4.3.3 Operator Authentication Authentication mechanisms may be required within a cryptographic module to authenticate an operator accessing the module and to verify that the operator is authorized to assume the requested role and perform services within that role. Depending on the security level, a cryptographic module shall support at least one of the following mechanisms to control access to the module:

Role-Based Authentication: If role-based authentication mechanisms are supported by a cryptographic module, the module shall require that one or more roles either be implicitly or explicitly selected by the operator and shall authenticate the assumption of the selected role (or set of roles). The cryptographic module is not required to authenticate the individual identity of the operator. The selection of roles and the authentication of the assumption of selected roles may be combined. If a cryptographic module permits an operator to change roles, then the module shall authenticate the assumption of any role that was not previously authenticated.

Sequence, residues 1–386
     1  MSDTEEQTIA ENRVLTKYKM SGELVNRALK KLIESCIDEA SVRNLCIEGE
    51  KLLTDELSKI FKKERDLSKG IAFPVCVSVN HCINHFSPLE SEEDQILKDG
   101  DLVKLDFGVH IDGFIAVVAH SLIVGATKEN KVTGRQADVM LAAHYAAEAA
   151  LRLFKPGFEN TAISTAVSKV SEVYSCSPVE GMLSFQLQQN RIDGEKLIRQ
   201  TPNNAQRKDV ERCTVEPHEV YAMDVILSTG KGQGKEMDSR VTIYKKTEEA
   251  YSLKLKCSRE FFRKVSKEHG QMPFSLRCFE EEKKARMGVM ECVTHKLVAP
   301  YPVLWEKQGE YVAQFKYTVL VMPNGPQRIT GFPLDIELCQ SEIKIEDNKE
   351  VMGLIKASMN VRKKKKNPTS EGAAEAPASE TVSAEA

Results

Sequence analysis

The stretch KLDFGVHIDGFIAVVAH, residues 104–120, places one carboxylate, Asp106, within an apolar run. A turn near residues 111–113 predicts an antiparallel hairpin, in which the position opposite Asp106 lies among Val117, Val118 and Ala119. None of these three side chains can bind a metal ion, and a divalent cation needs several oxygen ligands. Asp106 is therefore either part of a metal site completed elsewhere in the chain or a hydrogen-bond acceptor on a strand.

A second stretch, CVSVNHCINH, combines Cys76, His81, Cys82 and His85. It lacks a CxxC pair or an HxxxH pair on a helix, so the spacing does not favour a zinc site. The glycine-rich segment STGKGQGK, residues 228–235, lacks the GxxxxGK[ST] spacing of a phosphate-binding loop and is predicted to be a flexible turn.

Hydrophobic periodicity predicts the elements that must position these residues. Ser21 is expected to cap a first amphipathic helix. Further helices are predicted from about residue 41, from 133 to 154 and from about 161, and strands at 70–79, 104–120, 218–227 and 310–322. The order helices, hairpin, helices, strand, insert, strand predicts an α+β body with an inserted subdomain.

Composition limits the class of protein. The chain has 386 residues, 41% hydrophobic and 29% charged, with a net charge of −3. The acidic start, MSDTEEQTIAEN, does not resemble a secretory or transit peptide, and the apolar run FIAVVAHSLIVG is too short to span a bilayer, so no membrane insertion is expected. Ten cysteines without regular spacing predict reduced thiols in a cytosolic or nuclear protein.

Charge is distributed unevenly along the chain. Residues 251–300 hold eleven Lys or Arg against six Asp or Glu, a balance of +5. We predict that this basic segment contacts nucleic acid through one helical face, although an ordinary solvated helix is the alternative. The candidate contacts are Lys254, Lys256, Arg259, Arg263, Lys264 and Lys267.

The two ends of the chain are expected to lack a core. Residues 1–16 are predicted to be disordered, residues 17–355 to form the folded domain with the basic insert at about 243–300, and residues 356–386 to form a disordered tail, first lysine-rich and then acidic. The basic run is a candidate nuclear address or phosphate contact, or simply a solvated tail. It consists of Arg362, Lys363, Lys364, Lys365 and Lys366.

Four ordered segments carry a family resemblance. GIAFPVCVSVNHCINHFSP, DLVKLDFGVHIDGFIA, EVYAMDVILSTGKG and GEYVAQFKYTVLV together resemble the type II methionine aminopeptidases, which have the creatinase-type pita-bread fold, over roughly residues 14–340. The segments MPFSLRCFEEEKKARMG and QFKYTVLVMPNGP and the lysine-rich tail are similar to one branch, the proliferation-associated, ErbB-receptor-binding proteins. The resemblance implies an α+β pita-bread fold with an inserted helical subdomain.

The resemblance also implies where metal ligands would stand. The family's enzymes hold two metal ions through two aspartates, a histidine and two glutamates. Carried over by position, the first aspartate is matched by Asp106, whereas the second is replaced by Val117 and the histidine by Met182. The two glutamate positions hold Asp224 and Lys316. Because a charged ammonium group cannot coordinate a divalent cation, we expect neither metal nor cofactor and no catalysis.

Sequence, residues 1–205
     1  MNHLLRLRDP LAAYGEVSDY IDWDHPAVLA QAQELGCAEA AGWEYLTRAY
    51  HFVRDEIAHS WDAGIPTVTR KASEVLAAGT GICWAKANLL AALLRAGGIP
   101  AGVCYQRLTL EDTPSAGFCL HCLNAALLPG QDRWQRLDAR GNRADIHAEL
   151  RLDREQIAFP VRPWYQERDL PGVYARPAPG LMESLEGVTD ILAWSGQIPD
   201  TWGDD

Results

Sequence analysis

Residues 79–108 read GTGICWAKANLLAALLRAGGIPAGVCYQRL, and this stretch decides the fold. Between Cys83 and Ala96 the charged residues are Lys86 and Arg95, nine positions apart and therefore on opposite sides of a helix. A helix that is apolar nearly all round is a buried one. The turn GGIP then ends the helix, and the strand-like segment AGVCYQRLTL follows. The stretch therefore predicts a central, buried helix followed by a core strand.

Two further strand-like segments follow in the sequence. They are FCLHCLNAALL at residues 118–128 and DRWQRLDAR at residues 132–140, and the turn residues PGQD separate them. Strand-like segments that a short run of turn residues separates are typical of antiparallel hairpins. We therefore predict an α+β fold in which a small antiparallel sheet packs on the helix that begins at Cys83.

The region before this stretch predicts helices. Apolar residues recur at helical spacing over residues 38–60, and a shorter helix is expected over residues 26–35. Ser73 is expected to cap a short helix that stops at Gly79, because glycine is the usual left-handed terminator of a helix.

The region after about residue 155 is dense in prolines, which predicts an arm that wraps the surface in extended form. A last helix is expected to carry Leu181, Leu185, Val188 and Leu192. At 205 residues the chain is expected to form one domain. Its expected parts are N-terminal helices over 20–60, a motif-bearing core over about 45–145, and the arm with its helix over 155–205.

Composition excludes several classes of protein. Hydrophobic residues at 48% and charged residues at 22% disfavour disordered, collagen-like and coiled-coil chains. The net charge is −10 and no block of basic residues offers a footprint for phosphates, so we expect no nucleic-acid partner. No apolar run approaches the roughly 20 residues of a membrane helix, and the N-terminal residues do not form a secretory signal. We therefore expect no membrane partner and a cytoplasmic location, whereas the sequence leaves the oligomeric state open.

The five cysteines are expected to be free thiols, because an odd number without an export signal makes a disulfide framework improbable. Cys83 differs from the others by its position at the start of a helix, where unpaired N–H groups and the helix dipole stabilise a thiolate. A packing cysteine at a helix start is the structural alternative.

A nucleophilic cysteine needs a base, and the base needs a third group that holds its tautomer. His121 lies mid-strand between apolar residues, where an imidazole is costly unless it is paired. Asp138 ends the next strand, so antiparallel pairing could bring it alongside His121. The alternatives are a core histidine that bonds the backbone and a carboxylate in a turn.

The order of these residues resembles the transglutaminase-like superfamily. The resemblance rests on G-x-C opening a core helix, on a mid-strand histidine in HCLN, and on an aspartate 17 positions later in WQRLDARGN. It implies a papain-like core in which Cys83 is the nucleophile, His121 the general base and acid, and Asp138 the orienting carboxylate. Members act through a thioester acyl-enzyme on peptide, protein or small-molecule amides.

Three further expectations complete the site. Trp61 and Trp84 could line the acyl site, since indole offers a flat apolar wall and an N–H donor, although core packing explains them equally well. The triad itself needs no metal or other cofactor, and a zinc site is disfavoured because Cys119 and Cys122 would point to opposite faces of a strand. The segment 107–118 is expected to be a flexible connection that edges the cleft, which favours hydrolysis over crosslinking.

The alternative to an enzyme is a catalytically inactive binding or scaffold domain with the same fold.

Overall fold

Identity-Based Authentication: If identity-based authentication mechanisms are supported by a cryptographic module, the module shall require that the operator be individually identified, shall require that one or more roles either be implicitly or explicitly selected by the operator, and shall authenticate the identity of the operator and the authorization of the operator to assume the selected role (or set of roles). The authentication of the identity of the operator, selection of roles, and the authorization of the assumption of the selected roles may be combined. If a cryptographic module permits an operator to change roles, then the module shall verify the authorization of the identified operator to assume any role that was not previously authorized.